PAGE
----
If an estate did not have a will or proper succession plan set up, some of its assets may have to go through the probate process. The typical Ohio probate process takes about nine months once the executor or administrator is appointed. Creditors have six months to file a claim against the estate, but if the estate owes state or federal tax, finishing probate could take much longer.
When Is Probate Needed?
Typically, the only assets that need to go through probate are the ones that he or she owned in his or her name. Everything else can probably be transferred or passed forward through succession. Some of these assets include:
- Assets held in a trust
- Assets owned in “joint and survivorship” or “survivorship tenancy,” which automatically pass to the surviving owner
- Proceeds of an insurance policy payable to a named beneficiary
- Real estate subject to an Ohio transfer-on-death “designation affidavit”, which transfers ownership of the property upon your death to a beneficiary you previously named
Probate for ‘Very Small’ and ‘Small’ Ohio Estates
If the estate is worth less than $5,000 or the amount of funeral expenses, whoever is obligated to pay or has paid those expenses can ask the court for a summary release from probate. Additionally, the surviving spouse can ask for a release from administration if:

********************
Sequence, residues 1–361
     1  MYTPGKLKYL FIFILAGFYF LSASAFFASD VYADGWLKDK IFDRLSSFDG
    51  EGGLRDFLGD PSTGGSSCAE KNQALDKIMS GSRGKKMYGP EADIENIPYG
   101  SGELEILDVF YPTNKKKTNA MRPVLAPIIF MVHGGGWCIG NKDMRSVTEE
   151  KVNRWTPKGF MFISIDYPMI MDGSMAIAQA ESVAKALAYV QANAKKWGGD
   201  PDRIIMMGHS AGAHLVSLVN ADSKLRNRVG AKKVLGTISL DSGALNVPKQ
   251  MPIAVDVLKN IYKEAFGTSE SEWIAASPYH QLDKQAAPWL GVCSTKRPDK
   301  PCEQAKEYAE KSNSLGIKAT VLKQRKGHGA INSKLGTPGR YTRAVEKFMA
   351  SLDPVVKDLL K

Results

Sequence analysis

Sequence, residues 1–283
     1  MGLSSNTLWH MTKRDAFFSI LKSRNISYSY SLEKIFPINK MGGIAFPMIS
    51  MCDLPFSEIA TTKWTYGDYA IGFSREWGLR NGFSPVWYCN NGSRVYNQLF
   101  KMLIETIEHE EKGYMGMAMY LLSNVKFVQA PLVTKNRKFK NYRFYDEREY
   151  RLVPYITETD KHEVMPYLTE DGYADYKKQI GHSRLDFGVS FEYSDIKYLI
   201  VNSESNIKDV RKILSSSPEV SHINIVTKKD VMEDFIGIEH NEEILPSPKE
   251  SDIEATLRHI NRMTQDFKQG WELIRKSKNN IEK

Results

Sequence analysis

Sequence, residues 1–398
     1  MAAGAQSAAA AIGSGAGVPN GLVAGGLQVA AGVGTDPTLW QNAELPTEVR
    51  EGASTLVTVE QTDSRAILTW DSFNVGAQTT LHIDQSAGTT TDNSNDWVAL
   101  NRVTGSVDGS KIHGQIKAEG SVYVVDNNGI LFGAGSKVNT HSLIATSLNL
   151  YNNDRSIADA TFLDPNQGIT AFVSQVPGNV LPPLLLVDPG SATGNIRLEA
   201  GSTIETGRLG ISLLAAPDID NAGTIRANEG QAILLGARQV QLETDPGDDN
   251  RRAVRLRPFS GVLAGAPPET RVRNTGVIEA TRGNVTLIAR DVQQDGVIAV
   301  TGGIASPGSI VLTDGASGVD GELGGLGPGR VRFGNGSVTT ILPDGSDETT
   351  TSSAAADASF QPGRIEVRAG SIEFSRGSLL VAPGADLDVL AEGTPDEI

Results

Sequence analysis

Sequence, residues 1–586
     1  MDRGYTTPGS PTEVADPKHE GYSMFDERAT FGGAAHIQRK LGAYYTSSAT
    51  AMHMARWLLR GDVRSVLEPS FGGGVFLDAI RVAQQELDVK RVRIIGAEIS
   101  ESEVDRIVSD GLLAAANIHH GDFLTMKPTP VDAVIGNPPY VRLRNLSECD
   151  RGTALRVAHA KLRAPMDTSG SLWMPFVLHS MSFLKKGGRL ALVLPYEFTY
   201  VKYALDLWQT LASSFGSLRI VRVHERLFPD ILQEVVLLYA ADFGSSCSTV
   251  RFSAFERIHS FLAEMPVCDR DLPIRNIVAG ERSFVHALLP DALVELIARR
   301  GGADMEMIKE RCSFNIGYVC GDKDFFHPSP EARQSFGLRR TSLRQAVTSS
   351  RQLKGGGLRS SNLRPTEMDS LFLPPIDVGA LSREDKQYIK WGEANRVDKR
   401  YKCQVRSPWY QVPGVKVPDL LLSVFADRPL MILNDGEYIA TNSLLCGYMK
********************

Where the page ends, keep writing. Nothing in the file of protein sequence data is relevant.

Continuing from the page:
- The surviving spouse inherits everything and is legally entitled to a family support allowance
- All of the deceased spouse’s assets are worth less than $45,000
For “Small” estates and those where the surviving spouse inherits all probate property and the value of the estate is no more than $100,000, the estate could be settled in 2-4 months through a simplified process.
From there, the court will issue a “Letters of Authority” document, which appoints the executor or administrator. That person will then have to organize and delineate the deceased’s assets along with keeping detailed records of the whole process. The executor or administrator will also have to work through any outstanding tax burden the estate may owe (it’s worth noting that in 2013, Ohio repealed its estate tax).
If you’ve been assigned to an estate that has complex asset or property issues, the process can be instantly overwhelming and beyond stressful. An experienced probate attorney like Richard P. Arthur, Attorney at Law can help make sense of it all and build a path towards an expedient and satisfactory resolution. Call 937-254-3738 today to learn how he’s advised Dayton and Trotwood clients through the Ohio probate process.